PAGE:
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Do Layoffs Encourage Quitting in The “Next” Job that a Worker Gets? Yes!

April 17th, 2017

  This is important new research by Paul Davis at Cornell’s Industrial Labor Relations School (and colleagues) that both quantifies and emphasizes how damaging layoffs are far beyond the company where a layoff occurs – with the damage spilling across our economy and our society as a whole.

Obviously, workers who are laid off suffer. As do their families

And as I wrote in SPARK, the evidence that layoffs are smart effective strategic decisions made by CEOs facing tough times is  – to say the least – weak at best. In the vast majority of these sad situations, a layoff is powerful evidence of a massive failure of management and corporate vision.

Paul Davis’s research looks at what happens when laid-off workers eventually get new jobs – i.e. how they perform for their new employer.

(Great to see this new work because since the Great Recession, there has – amazingly –  NOT been a lot of research on the impacts of layoffs compared to the previous two decades.)

In a nutshell, they are far more likely to voluntarily quit that next job (compared to others in their new workplace who have never experienced a layoff) due to, in large part and to no surprise,  the “psychological spillover” from that first layoff and the resulting loss of an employee’s trust in management anywhere, fueled  by the increasing perception that job security is a bygone dream.

This is not good for our economy, as Davis stresses, given the growing prevalence of layoffs across so many sectors. And especially, given widespread doubts that the gig economy can offer a viable sustaining replacement for steady work.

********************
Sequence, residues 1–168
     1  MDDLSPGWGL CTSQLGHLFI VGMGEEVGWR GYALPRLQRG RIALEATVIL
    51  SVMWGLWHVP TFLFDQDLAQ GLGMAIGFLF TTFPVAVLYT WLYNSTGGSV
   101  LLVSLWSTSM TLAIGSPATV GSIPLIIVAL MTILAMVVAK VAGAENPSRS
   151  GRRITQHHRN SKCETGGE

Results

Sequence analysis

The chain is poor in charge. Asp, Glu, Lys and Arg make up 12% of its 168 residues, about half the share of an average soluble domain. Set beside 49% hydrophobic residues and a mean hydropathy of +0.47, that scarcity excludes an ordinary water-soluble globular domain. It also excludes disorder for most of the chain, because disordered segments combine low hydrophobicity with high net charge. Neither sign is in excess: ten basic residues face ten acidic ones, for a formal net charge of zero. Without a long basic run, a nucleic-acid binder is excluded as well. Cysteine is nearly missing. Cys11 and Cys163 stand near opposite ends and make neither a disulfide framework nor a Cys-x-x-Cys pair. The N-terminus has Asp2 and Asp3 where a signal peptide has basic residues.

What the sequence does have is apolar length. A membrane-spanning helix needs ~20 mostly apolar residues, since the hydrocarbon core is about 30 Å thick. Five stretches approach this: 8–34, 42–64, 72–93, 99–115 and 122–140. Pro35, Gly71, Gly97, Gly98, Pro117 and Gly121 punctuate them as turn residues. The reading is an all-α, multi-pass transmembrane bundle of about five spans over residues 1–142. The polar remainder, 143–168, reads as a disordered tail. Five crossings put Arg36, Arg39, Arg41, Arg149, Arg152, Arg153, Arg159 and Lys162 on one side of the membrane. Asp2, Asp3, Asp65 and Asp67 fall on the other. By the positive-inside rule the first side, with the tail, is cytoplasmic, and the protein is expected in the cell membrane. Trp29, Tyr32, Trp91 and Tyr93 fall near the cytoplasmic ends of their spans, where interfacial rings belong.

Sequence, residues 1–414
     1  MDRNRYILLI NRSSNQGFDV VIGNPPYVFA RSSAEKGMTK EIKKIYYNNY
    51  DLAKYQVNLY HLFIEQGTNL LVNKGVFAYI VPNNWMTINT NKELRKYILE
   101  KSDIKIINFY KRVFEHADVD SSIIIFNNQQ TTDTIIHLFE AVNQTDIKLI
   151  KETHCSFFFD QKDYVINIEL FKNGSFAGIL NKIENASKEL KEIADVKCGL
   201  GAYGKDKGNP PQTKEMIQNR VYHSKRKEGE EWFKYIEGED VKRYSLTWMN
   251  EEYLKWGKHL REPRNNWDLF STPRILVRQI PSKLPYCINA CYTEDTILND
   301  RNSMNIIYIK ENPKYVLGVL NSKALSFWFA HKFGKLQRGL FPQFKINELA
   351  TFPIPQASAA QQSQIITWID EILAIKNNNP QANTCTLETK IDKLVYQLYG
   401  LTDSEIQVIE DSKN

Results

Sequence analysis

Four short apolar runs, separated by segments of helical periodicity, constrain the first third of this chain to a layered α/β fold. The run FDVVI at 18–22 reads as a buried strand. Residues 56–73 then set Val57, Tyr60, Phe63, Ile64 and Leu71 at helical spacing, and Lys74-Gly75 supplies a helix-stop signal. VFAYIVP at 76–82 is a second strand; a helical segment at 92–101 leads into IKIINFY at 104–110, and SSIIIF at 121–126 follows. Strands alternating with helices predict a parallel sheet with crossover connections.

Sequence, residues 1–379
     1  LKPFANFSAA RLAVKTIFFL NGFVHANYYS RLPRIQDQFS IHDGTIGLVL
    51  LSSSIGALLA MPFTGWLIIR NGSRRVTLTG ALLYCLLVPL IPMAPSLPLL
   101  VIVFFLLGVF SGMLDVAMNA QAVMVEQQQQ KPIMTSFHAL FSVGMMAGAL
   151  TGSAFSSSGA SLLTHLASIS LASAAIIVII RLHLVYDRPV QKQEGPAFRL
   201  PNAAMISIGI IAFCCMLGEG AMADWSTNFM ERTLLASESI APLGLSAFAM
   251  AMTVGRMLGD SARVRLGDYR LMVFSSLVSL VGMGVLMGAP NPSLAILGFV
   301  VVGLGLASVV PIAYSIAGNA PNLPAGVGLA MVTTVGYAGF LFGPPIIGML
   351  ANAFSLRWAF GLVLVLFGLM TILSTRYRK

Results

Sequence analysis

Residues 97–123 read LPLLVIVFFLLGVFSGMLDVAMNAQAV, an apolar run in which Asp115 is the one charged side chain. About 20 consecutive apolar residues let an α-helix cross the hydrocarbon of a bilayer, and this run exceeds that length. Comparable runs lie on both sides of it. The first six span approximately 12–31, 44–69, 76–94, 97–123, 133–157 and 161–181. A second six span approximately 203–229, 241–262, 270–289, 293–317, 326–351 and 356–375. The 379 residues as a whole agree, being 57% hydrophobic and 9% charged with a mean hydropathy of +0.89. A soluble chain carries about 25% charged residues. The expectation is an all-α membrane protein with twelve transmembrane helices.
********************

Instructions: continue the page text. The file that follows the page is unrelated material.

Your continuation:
“The influence of layoffs on voluntary turnover is substantial and persistent.  

   Quitting is 56 percent more likely in a laid-off worker’s next job (relative to the individual’s propensity to quit prior to ever having been laid off).  

   Among those who are laid off multiple times over their careers, each additional layoff increases the likelihood of quitting in subsequent employment.  

  For those who do reach six layoffs in their work history (FK’s note: this is not as rare as you’d think), the decision to quit voluntarily is about six times more likely (than for workers who have not experienced a layoff.)

  The study results are consistent with a “psychological spillover” explanation in which a layoff by one employer negatively influences employee expectations (e.g., obligations owed to an employer) and perceptions (e.g., job security) surrounding post-layoff employment. 

  Given that layoff victims represent an increasingly large proportion of the workforce (and thus the talent pool upon which virtually all other organizations rely) and given that voluntary turnover is notoriously expensive  …….. the findings indicate that layoffs are relevant not only for the organizations that engage in them, but for all organizations.”

And thus across our economies as a whole.

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